Any teacher who does that consistently is scarcely teaching. "The system" churns out a mind-boggling array of crap, especially in the social studies / history arena. What most kids get in those fields is a barely-there block of swiss cheese manipulated by various political interests (you'd be amazed at the facts and "bad words" a publisher will happily excise in exchange for state legislators and school boards approving/mandating their books).

Oh, and while I'm here, a fun fact: the pledge was written by a socialist. I do wonder how Limbaugh, Hannity, O'Reilly etc. would react to that one...
 

Tindo@heart

New Member
because I do not believe in pledging an allegiance to a flag even if it is symbolically a representation of what America is and stands for. I do not believe in placing importance on an icon, that is my belief and it is a part of my over all belief system.
if anyone wants to take a guess at what religion i am(since it was mentioned that i might have been enforcing a religion on students) then take a guess thing is you're going to have the worst luck guessing.
I think that was me. I was lead to assume that your belief system was an influence on your inability to fit in with a class tradition. Excuse me if you did not mean "religion" when you said "over all belief system."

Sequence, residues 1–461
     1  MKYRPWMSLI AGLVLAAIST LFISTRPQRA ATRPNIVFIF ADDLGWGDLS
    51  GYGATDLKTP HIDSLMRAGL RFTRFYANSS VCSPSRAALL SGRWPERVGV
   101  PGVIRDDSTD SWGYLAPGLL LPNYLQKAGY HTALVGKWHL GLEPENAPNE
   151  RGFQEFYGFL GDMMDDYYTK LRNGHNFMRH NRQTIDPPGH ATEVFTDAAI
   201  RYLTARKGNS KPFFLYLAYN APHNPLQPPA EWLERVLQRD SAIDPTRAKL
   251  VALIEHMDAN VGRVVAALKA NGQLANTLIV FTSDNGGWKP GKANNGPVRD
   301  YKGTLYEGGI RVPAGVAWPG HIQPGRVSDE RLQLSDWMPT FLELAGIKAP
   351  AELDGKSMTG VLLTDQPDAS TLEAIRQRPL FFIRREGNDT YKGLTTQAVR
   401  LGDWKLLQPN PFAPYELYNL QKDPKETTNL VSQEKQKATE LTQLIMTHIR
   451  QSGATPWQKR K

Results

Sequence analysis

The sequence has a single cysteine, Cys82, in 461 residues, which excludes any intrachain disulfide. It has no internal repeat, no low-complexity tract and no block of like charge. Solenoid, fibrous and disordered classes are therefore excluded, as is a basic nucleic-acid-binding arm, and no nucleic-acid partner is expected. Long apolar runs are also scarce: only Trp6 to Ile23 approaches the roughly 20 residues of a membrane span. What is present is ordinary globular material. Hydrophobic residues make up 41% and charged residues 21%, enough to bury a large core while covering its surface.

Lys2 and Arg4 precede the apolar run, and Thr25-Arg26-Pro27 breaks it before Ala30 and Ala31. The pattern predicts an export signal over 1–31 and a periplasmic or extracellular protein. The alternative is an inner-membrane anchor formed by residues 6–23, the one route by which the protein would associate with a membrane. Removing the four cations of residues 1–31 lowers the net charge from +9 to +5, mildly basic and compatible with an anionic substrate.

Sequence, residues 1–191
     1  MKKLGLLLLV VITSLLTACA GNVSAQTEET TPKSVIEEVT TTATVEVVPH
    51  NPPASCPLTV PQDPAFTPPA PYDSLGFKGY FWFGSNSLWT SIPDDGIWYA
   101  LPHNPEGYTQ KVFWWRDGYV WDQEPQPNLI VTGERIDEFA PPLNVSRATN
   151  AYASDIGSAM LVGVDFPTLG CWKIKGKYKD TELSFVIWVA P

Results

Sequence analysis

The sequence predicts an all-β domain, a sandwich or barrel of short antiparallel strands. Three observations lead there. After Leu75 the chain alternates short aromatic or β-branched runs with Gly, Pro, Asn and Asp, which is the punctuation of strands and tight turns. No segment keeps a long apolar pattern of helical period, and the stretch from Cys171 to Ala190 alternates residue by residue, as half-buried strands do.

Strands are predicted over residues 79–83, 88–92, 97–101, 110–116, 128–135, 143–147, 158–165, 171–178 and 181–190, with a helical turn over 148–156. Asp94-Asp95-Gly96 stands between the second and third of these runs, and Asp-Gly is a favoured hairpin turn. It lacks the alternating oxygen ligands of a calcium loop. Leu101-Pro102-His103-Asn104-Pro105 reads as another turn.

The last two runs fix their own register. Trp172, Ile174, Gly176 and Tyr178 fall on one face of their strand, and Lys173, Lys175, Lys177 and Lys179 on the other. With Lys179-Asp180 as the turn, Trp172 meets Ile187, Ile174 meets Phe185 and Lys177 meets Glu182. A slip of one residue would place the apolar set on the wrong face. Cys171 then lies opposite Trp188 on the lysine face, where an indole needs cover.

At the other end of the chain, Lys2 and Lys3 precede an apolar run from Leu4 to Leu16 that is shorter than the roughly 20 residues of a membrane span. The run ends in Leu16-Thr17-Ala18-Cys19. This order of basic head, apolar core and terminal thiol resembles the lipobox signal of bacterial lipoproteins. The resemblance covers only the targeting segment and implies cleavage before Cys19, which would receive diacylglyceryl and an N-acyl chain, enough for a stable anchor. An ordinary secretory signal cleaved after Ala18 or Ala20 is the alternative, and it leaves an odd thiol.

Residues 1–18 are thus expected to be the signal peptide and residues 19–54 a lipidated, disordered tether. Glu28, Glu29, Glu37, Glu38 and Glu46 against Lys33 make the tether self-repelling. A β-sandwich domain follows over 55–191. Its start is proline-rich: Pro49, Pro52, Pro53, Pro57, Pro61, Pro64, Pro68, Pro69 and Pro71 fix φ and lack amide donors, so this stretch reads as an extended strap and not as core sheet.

However, I like guessing games. So I guess Atheist.


ExCyber, right on! I agree with every word. Though I don't think it's a good idea to try to get in the door as a rebellious radical. A school system is not going to hire a controversial figure. Why bother? They want non-fussy teachers to just teach what their told. Period.

An inspiring teacher should at least attempt to pretend that they can put their personal beliefs to the side for a moment. Though no one can be expected to adhere to this consistently, but teachers are expected to do what their told.

Basically, I just don't think it is very wise to make a first impression with a chip on your shoulder.
 

M3d10n

New Member
You have to pledge *everyday* at school in USA?

Geez... that's so weird. It's the kind I'd expect to see in a ditactorship.

At school, here, the closest thing to that was the students being gathered outside and sing the anthen while a teacher hoists the flag. But that only happened once in a while (every two or three months, I think), and only until a certain grade.
 

antime

Extra Hard Mid Boss
Originally posted by M3d10n@Apr 30, 2003 @ 01:57 PM

At school, here, the closest thing to that was the students being gathered outside and sing the anthen while a teacher hoists the white flag.
Wait.. Are you French?
 

emazur

New Member
Don`t know about everyone else, but I had to pledge when I was elementary school. After 4th grade I moved to a different state and entered middle school, and never had to pledge again